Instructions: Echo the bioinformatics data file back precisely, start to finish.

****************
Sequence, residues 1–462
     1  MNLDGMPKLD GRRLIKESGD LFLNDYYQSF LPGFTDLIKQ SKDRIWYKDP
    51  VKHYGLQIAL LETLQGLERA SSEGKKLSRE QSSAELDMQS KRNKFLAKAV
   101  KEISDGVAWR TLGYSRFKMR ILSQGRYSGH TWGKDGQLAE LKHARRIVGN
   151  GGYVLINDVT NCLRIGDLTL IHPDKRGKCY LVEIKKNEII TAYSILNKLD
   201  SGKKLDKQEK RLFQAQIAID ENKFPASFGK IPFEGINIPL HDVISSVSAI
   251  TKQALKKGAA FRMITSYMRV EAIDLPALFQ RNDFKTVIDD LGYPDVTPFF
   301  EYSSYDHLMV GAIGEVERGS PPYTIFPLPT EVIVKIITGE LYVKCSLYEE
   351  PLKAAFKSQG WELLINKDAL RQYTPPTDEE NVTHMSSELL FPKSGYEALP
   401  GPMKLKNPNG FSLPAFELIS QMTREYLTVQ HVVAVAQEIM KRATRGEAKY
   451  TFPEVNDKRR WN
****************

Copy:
Sequence, residues 1–462
     1  MNLDGMPKLD GRRLIKESGD LFLNDYYQSF LPGFTDLIKQ SKDRIWYKDP
    51  VKHYGLQIAL LETLQGLERA SSEGKKLSRE QSSAELDMQS KRNKFLAKAV
   101  KEISDGVAWR TLGYSRFKMR ILSQGRYSGH TWGKDGQLAE LKHARRIVGN
   151  GGYVLINDVT NCLRIGDLTL IHPDKRGKCY LVEIKKNEII TAYSILNKLD
   201  SGKKLDKQEK RLFQAQIAID ENKFPASFGK IPFEGINIPL HDVISSVSAI
   251  TKQALKKGAA FRMITSYMRV EAIDLPALFQ RNDFKTVIDD LGYPDVTPFF
   301  EYSSYDHLMV GAIGEVERGS PPYTIFPLPT EVIVKIITGE LYVKCSLYEE
   351  PLKAAFKSQG WELLINKDAL RQYTPPTDEE NVTHMSSELL FPKSGYEALP
   401  GPMKLKNPNG FSLPAFELIS QMTREYLTVQ HVVAVAQEIM KRATRGEAKY
   451  TFPEVNDKRR WN